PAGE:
|dc.description.abstract||The New Zealand Census provides an invaluable source of information on the estimated resident population of the country and its demographic, social and economic characteristics. The data derived from the census finds wide usage in research and analyses which inform numerous government policy decisions, including resource and funding allocation. Consequently, missing data caused by non-response to the census, whether unit (not returning completed census forms) or item (not providing a valid response to questions in the census forms) can cause a range of practical, methodological and ethical issues. Users of census datasets need to understand the implications of including or excluding the non-responding sub-population from their analyses.
This study looked at the residual non-response category ‘Not Stated’ or ‘Not Elsewhere Included’ (NS/NEI) for the 2006 and 2013 Censuses. NS/NEI is an aggregate of two different population groups. The majority are substitute records created by Statistics New Zealand as an estimate of the population not responding to the census at all, and the remaining are people who did not provide a valid response to the question on the census form, the item non-respondents. Detailed analyses were conducted on the variable that has one of the highest rates of item non-response: the question on personal income. The aim was to examine the demographic and socio-economic characteristics of the non-respondents and therefore identify any patterns or over-representation of certain population groups, likely to have an impact on any analysis carried out using these data. This study therefore enables analysts to have a more evidence based approach towards dealing with this residual category.
The analysis of the demographic and available key socio-economic characteristics of the item non-respondents (NS/NEI group excluding substitutes) to the income question showed patterned behavior with certain population groups over-represented - females, youth, those aged 65+ years, Pacific Islanders and Māori, people born overseas, people receiving government benefits, those not in the labour force or unemployed and people working as labourers and machinery operators and drivers. Consequently, the exclusion or inclusion (by say, pro-rata apportioning or imputation) of the NS/NEI count from the analysis of the income variable will adversely affect these groups in terms of representativeness.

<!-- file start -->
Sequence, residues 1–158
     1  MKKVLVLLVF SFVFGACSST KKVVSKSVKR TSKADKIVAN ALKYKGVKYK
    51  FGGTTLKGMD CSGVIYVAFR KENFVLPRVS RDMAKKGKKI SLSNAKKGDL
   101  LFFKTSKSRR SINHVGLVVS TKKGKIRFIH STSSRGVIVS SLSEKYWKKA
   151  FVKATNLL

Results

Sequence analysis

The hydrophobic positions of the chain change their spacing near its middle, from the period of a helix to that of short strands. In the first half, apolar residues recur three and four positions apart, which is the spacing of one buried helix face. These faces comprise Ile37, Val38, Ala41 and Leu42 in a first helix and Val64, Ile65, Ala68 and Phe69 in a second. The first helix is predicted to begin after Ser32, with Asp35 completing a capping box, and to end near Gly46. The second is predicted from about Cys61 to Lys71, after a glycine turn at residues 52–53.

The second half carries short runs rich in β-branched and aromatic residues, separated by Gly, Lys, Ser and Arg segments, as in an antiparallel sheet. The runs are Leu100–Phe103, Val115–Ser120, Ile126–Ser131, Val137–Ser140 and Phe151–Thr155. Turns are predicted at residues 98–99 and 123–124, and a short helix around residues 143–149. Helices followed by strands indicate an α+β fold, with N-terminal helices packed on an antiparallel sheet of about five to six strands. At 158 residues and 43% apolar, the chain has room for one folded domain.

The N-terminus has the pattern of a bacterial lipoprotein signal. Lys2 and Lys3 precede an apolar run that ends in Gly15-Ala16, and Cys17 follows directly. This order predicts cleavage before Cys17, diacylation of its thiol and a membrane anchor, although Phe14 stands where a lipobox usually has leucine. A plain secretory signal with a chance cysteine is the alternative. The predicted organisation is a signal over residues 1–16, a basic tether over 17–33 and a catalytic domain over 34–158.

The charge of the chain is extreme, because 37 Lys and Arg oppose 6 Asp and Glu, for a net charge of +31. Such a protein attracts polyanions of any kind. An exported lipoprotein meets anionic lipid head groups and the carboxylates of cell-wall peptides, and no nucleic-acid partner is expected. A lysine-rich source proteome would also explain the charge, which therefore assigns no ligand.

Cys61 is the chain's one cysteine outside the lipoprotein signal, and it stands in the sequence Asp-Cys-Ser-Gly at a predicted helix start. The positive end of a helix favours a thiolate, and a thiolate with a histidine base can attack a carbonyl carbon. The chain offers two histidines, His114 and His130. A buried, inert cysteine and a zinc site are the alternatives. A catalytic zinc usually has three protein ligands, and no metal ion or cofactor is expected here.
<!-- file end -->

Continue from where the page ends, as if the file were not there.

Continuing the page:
The users of census data need to take into account that the NS/NEI is not a homogeneous grouping. The imputed age-sex and spatial distribution of the majority of the substitutes is modelled on the population enumerated on census night and consequently, the demographic profile of the substitutes is more representative of census respondents. The substitutes included in the NS/NEI category can therefore substantially alter the demographic profile of the actual item non-respondents. To achieve an accurate profile, it is important to first exclude the substitutes from analyses. Decisions around the inclusion or exclusion of the NS/NEI count from any analysis can then be taken by ascertaining whether any particular population groups are over-represented among the item non-respondents and how the exclusion is likely to impact on the conclusion(s) reached from the analysis of that particular variable. Alternatively, for inclusion in the analysis, this will provide a more informed base for modelling the probable responses for the item non-respondents.||